Sara Korvel has a lot to offer prospective employers: a recent graduate of a major university, she made the dean’s list in seven of eight semesters and belongs to the Phi Beta Kappa honors society. Fluent in four languages, she landed prestigious internships at an international bank and a state public broadcaster, and held down a job as a Starbucks shift manager for most of her college career.
Sara has one significant factor working against her as she searches for her first post-college job, though: she’s a Muslim.
A pair of studies by University of Connecticut researchers have discovered that employers are demonstrably less likely to respond to a job application if that resume includes evidence of membership in a faith group. And far and away, the faith group employers least want to engage is Islam.
“What we found is that, when applying for a job, it’s better not to mention religion at all – but employers really don’t want you to mention being a Muslim,” said professor of sociology Michael Wallace, who conducted the studies along with Bradley Wright, an associate professor in the sociology department.
The two studies – one published in the journal Research in Social Stratification and Mobility, and the other published in Social Currents – aimed to examine religious discrimination, which has reportedly been on the rise: between 1992 and 2010, the number of complaints filed with the U.S. Equal Employment Opportunity Commission alleging such discrimination grew from 1,388 to 3,790.
Wallace and Wright created resumes on behalf of four fictional recent college graduates (including the high-achieving Sara Korvel). Using a popular job-listing website, they sent four applications at a time to employers, taking care to make the resumes – which were reviewed in advance by human resources professionals – different enough not to arouse suspicion.
Each resume was randomly assigned an identity based on religious preference – Catholic, evangelical Christian, atheist, Jewish, Muslim, pagan, and “Wallonian,” a fictional faith – or was designated part of a control group that had no religious affiliation at all.
Since the resumes were all purportedly from recent graduates of major public universities, religious belief could be introduced unobtrusively under the banner of extracurricular activities. Each fictitious job seeker was therefore listed as an officer in the “Muslim Student Group” or the “Campus Jewish Association,” except for the control group, whose resumes listed them as belonging merely to the “Student Association” or something similar.
For the first study, the researchers sent out 6,400 applications to 1,600 job postings in New England, setting up eight voicemail boxes and eight separate email addresses to collect the responses.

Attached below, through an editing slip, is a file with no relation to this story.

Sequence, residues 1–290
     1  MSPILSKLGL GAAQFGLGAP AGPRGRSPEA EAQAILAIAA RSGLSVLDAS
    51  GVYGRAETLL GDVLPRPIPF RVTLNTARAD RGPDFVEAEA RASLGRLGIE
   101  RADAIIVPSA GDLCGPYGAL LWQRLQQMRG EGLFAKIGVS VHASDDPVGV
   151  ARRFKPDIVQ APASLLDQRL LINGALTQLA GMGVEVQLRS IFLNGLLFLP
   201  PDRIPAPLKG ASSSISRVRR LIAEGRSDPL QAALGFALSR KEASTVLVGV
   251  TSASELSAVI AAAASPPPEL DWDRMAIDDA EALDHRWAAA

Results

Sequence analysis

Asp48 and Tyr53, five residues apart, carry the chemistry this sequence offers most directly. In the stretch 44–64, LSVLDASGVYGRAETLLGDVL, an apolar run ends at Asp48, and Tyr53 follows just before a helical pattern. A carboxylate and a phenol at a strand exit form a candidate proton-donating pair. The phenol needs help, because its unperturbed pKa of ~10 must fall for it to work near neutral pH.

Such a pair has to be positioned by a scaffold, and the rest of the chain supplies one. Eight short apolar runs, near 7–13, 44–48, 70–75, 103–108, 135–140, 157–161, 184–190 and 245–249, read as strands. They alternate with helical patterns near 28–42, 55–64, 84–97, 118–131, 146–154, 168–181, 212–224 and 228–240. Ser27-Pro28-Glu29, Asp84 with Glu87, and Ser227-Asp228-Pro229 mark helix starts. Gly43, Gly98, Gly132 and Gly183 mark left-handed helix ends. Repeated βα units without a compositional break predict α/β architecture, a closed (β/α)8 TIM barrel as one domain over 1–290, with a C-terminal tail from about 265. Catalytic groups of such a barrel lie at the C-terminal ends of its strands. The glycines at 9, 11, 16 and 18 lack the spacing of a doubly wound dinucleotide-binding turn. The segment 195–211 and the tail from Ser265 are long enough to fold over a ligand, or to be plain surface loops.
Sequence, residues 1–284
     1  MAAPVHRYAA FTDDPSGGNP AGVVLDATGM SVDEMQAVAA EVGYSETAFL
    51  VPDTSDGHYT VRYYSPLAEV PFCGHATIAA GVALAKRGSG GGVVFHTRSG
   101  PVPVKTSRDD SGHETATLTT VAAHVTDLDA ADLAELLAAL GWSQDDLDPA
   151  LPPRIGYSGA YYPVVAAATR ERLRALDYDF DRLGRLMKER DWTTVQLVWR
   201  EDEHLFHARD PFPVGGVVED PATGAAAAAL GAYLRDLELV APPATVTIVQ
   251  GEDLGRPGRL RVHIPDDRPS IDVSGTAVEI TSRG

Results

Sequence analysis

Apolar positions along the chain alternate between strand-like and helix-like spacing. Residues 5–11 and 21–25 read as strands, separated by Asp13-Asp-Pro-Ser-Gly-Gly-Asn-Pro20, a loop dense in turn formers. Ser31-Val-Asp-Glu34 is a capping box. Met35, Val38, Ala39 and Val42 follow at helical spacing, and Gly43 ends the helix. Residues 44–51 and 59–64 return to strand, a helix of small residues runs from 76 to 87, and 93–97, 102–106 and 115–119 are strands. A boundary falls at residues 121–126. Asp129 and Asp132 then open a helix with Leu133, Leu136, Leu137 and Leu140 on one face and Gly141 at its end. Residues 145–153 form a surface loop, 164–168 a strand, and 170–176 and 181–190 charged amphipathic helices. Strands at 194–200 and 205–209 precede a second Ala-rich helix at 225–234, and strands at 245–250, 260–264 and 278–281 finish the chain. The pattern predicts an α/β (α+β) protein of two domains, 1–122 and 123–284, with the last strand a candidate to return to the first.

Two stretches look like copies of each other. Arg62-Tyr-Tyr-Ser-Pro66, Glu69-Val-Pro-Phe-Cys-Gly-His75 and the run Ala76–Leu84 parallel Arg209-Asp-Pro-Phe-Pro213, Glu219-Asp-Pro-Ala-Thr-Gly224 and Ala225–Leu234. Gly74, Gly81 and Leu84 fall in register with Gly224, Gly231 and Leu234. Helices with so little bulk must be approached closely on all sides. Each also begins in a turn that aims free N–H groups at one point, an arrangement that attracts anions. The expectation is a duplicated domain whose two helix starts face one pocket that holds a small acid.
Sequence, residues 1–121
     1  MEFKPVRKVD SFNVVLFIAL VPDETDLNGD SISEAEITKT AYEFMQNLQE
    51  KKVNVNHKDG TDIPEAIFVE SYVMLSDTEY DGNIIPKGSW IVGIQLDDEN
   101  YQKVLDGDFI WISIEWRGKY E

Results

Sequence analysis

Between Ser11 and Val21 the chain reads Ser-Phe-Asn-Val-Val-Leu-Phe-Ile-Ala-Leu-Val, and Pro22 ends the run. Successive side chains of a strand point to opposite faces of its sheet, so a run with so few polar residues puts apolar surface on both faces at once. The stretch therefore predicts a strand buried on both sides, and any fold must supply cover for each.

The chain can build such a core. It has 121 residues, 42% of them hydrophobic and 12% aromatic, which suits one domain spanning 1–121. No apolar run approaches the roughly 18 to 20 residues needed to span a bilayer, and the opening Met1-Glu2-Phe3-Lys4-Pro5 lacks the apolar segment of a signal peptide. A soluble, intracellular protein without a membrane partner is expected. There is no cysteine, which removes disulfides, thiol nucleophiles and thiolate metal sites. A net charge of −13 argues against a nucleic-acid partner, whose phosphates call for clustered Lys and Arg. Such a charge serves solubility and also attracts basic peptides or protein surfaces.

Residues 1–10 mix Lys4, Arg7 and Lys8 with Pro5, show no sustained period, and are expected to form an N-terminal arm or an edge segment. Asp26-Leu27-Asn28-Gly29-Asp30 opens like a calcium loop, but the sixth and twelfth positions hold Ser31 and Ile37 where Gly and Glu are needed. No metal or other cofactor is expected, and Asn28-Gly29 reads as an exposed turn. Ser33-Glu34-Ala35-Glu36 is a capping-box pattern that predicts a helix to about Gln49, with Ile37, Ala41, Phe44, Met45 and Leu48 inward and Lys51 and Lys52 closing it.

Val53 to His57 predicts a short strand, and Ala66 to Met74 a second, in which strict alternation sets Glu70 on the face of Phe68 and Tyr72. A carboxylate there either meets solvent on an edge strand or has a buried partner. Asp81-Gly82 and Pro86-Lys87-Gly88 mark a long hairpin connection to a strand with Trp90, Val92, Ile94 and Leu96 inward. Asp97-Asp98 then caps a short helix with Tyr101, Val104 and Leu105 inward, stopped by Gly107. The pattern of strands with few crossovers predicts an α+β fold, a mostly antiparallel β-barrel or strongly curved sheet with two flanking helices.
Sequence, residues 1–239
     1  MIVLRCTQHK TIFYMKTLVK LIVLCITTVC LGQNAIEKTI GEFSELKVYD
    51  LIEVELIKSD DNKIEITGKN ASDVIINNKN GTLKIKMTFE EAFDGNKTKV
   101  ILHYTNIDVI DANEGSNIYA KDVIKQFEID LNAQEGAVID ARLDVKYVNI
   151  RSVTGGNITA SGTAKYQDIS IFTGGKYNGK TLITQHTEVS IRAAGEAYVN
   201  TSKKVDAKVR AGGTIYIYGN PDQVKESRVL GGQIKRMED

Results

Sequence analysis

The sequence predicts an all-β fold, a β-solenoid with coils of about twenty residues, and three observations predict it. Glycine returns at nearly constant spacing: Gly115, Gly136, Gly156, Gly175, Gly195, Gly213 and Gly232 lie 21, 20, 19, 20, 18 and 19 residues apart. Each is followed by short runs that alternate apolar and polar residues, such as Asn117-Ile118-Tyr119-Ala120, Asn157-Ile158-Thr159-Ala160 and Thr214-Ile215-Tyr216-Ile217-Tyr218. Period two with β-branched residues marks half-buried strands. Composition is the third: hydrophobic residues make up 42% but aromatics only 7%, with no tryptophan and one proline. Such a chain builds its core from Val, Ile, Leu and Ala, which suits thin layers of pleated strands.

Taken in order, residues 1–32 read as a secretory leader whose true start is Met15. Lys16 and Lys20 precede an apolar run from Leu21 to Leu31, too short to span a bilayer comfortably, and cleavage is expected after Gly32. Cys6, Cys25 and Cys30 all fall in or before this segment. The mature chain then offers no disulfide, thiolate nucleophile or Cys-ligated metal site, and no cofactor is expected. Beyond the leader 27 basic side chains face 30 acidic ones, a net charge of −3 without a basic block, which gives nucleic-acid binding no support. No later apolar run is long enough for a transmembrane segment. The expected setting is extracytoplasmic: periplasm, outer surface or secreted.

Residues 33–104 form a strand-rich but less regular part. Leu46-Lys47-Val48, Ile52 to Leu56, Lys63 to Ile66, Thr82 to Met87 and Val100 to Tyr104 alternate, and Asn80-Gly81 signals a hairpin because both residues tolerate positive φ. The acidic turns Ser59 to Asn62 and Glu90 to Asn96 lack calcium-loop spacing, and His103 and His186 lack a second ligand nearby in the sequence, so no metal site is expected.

Wallace and Wright expected the control group to get the most responses, based on “secularization theory”: even though Americans consistently profess a high degree of religiosity, religion is increasingly seen as a purely private matter, and public expression of it – such as in the workplace – is likely to be frowned on.
The results bore that out in the New England study: applicants expressing any religious identification received 19 percent fewer overall contacts than the applicants from the non-religious control group.
What the researchers did not expect, though, was the scope of the apparent bias against Muslim applicants: Muslims received 32 percent fewer emails and 48 percent fewer phone calls than applicants from the control group, far outweighing measurable bias against the other faith groups.
“Just by adding the word ‘Muslim’ to an application, its chances of receiving an employer contact were reduced by between a third and almost half,” Wright said.
Curious to see if this would be the case elsewhere in the country, the researchers replicated the study in the South. By measures like church attendance and belief in God, the South is significantly more religious than New England, and has a much larger evangelical Christian population, and Wallace and Wright wondered how this would affect the results.
The researchers sent out 3,200 applications to employers within 150 miles of two major Southern cities and found that, when it comes to religious bias, Southern employers have much in common with their New England counterparts.
The Southern study found that religious resumes received 29 percent fewer emails and 33 percent fewer phone calls than the control-group resumes; but Muslim applications got 38 percent fewer emails and 54 percent fewer phone calls than the non-religious control group, and were less likely to get a response than those with any other religious indicator.
The major difference between the two regions was that Southern employers were also more likely to discriminate against other religious groups, particularly atheists, pagans, Catholics, and the fictitious Wallonians. Somewhat surprisingly, Jewish applications fared well in the South, almost matching the response rate for the non-religious control group.
“There’s been a growing discussion about religious discrimination in the workplace, but very little of it has been about Muslims,” Wallace said. “What these studies suggest is that there’s a reluctance to even engage job applicants who might be Muslim just because they’re Muslim, which should give anyone who cares about equal opportunity cause for concern.”